Awhile back my washing machine broke down over a holiday weekend. Instead of hauling the dirty laundry to a laundry mat, I decided that this would be a great opportunity to finally try out using a 5 gallon bucket to wash clothes. Sometimes a little adversity is what you need to really be prepared. Clothes washing was an item that had been missing from my preps for some time now and this seemed like the perfect opportunity to test it out before the real SHTF. This DIY washing machine is a homemade method you can use to wash clothes if you temporarily lose power or if the grid goes down.
Here’s What You Need
All of the above materials can be purchased for less than ten dollars, excluding the power drill. If you are going to be using a lid the first step is to drill a hole in the top. Tip the toilet plunger upside down so that the top of the handle is touching dead center of the lid. Trace a circle around the handle onto the lid. If you have a power drill, find a large bit, I used a half-inch bit, and drill out the circle that you traced. After the hole is cut out use a utility knife to clean up the edges where you cut. If you do not have a power drill you can use a utility knife to cut out the hole, BE EXTREMELY CAREFUL AND TAKE YOUR TIME!
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The plastic bucket is very durable so it can be difficult to cut by hand. Next, I drilled eight holes into the rubber portion of the toilet plunger. Ta-da! You are done! If you want to make the deluxe model I have seen some where people have put a spigot or ball valve on the bottom of the bucket for draining the water. I can see where being able to drain the water from a spigot could be helpful to those that might lack the strength to lift the bucket, but personally I found this feature to be unnecessary.
Here is my experience with the bucket washer. I found the bucket lid to be unnecessary. The only purpose of the lid is to help contain water from splashing out. If you are using this to clean your clothes than most likely you are completing this task either in your bathtub or outdoors, so some splashing water is not that big of an issue. Also I am not splashing that much water as I am not going “all out” with the plunger, nice and steady is the key.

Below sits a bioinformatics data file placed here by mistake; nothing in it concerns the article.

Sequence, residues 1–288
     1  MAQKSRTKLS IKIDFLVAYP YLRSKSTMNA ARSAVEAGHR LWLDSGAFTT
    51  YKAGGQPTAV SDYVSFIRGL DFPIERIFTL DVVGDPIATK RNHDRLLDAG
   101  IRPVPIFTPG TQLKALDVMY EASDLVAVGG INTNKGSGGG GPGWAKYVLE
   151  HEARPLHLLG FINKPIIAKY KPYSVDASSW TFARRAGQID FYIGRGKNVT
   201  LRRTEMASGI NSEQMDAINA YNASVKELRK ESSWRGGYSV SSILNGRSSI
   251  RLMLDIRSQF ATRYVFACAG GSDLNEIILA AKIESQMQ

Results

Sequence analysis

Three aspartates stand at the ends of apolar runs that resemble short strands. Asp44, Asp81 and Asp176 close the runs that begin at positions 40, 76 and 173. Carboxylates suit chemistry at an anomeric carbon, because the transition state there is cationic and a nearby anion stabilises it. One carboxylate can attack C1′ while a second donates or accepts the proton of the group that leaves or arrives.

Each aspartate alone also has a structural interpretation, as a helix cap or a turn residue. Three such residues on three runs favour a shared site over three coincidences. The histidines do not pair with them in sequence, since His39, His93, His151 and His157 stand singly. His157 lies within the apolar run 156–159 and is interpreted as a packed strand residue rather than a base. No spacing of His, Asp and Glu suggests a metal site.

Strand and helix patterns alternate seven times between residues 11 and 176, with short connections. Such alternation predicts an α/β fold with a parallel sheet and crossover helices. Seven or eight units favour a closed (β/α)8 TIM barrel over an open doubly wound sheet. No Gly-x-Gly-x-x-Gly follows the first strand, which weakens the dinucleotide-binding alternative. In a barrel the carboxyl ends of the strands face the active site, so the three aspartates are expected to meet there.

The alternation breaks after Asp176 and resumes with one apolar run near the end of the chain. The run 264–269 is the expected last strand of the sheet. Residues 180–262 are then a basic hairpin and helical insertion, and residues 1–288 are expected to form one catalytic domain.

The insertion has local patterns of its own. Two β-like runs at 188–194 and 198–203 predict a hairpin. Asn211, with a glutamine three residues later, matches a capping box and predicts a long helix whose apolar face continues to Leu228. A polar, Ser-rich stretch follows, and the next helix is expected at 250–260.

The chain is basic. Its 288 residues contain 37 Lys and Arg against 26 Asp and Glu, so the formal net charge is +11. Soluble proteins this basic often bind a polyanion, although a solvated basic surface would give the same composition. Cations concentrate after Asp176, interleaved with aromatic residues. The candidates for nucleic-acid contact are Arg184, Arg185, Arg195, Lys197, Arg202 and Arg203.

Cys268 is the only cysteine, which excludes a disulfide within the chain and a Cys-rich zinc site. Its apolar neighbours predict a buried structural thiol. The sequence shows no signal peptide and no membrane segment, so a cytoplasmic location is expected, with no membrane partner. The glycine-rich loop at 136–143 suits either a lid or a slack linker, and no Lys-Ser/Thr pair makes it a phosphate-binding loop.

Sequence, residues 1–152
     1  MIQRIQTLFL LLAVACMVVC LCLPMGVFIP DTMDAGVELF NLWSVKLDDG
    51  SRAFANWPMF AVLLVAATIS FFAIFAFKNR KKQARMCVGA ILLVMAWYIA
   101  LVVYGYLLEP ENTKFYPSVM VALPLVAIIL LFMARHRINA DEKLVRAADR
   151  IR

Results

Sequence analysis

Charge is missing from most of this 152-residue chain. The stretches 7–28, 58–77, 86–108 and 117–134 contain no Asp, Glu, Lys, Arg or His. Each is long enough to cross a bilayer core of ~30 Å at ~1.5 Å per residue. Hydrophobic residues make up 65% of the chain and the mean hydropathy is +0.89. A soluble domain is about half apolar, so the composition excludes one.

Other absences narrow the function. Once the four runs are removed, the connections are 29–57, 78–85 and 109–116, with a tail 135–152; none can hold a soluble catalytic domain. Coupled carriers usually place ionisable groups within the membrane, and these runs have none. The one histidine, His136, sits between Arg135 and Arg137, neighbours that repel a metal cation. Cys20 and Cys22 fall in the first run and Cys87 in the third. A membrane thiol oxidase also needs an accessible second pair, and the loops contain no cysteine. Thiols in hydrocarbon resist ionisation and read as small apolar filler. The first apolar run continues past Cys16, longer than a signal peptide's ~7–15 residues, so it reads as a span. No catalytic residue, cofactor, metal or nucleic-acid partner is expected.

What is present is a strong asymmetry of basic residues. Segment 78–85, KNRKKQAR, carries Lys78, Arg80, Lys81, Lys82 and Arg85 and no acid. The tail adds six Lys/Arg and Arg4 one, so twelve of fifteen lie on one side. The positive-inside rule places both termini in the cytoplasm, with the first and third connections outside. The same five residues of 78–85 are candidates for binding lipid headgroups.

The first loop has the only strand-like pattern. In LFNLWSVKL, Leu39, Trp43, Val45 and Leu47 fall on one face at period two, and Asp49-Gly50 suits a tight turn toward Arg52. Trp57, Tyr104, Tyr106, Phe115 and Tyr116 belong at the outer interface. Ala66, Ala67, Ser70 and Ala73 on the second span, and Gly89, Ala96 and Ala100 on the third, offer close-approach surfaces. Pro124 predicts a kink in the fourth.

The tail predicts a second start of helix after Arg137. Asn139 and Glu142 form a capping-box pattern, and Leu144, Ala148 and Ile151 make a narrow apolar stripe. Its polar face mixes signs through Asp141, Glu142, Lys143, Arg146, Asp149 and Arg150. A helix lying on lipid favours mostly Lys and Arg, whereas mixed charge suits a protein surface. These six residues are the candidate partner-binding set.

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The second reason I do not like using the lid is because it restricts the agitating motion of the plunger to up and down. If the bucket is full of clothes the plunger can’t get all the way to the bottom of the bucket or get around all the clothes in order to agitate them. I found pushing the plunger down from the side and diagonally helps to rotate all the clothes from top to bottom so that every piece gets properly washed.
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On some reviews I have read, it states that powder or homemade detergent works best. I have not tried either of these but I have used liquid detergent with no observable issues. The amount of soap I use is approximately one tablespoon. After adding the clothes and soap, it is time for the water. Warm water seems to work best and I fill the bucket to around four inches from the top. Now, it’s time to work out your arms. For the wash cycle, I plunge the clothes for ten minutes, then I tip the bucket over and dump everything out into the bathtub. I wring out the excess water from the clothes and then place them back into the bucket.
For the rinse cycle, I fill the bucket back up with clean water and plunge for another five to ten minutes. I dump the water and clothes out, wring the excess water from the clothes and hang them up to air dry. I have found that smaller loads of clothes are easier to plunge and tend to get cleaner. For best results I only fill the bucket halfway to three quarters of the way full with clothes. I have washed about twenty loads of clothes using this process and thus far I am very happy with how clean the clothes come out. I think this is something that everybody should have as it is very cheap to make and easily mobile. I’m sure it would be a great item to throw in the car for those summer camping trips, because you just never know.